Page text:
Maltese dancer to develop craft in Austria

Local dancer Rebecca Camilleri is currently taking part in the Austrian ImPulsTanz festival, as part of a five-week scholarship programme partly financed by the Malta Arts Fund. 

The programme offers around 65 young professional dancers and choreographers from mainly European – but also from non-European – countries the possibility to take part in an intense multinational further training programme.

Speaking to MaltaToday, Camilleri, who forms part of local grassroots theatre group the rubberbodies collective explained how the opportunity to mix with international performers is bound to benefit the development of her craft, particularly given Malta’s limitations.

“I have the opportunity not only to participate in workshops and learn further movement skills, but its about learning how dance can be integrated as life practice. It is not about technique but it is about how dance can be used as a tool to communicate and integrate with people, and how you can use this practice not only in a dance studio but how to apply it to everyday life,” Camilleri said.

Performing with rubberbodies, Camilleri has most recently taken part in ‘White Sea – Bahar Abjad’, a non-verbal performance directed by Jimmy Grima at St James Cavalier. True to form of previous rubberbodies performances, White Sea – in which Camilleri performed opposite Ira Melkonyan – took a less conventional approach to theatrical storytelling by not relying on speech to tell a story. Instead, the onus was placed on the performers’ visual cues, and on a well-crafted, elaborate set design and props.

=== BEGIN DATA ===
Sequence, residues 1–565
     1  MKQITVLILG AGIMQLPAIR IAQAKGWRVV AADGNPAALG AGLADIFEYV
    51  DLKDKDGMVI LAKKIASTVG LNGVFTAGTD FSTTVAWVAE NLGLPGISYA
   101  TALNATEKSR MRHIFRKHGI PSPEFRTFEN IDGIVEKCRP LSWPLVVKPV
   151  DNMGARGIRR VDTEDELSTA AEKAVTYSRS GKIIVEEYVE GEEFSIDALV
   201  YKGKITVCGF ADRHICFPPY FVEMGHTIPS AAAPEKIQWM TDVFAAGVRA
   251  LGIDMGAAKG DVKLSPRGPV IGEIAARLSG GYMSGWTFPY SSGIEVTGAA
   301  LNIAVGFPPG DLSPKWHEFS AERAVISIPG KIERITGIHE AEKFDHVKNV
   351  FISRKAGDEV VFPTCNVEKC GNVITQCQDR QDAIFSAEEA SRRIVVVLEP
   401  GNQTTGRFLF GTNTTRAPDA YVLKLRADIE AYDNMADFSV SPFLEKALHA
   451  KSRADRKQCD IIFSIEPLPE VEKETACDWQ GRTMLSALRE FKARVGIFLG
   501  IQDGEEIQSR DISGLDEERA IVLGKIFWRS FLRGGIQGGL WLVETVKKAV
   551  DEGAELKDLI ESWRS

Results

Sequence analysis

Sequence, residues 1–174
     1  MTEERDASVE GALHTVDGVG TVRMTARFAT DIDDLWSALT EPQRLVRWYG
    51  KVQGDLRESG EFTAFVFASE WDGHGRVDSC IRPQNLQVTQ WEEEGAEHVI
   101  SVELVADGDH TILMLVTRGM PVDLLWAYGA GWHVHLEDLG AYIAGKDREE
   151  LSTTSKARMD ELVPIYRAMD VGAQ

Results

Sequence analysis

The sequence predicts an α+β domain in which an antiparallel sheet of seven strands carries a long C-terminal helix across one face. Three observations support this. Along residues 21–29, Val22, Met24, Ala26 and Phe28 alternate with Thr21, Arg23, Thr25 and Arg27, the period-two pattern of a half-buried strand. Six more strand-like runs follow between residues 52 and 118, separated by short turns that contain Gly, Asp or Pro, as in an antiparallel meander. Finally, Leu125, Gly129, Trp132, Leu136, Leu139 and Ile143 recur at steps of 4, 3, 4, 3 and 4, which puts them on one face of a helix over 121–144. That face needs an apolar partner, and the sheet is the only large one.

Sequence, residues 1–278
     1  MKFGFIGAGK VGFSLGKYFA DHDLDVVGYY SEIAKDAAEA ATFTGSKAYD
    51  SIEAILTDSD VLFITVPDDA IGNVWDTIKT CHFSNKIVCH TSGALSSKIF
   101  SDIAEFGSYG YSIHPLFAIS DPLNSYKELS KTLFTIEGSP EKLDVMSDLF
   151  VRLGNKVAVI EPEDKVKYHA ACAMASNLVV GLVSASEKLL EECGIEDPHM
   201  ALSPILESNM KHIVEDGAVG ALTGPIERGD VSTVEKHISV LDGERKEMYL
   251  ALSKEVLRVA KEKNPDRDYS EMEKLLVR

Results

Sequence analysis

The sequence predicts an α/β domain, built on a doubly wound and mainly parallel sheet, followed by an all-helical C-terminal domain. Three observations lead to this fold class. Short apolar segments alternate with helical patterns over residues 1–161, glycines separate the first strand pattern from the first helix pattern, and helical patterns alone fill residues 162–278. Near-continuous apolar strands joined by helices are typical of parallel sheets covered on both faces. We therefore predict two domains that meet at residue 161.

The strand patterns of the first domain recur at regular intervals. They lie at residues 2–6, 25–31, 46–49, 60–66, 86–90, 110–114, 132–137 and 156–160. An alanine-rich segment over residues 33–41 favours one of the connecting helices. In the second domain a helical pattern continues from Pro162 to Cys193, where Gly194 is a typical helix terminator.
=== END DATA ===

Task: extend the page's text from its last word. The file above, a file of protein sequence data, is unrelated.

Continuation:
Camilleri describes how a visually striking and physically engaging performance is integral to the rubberbodies project.

“We are working through open collaborative processes which allow each one of us to share their life experience and through this we create art. We want people to question and not to relax on their seat. We want an active audience,” Camilleri said.

She also believes that a more hands-on approach to the art of dance could benefit Malta’s scene as a whole.

“I have realised that in Malta we restrict ourselves with the idea of learning dance through various classical and contemporary techniques. This is important as it teaches you the discipline and the basic principles, however to grow we need to start breaking these traditions, otherwise we will never develop… There is a need for a cultural education by building platforms which encourage practices of sharing art forms and experiences.”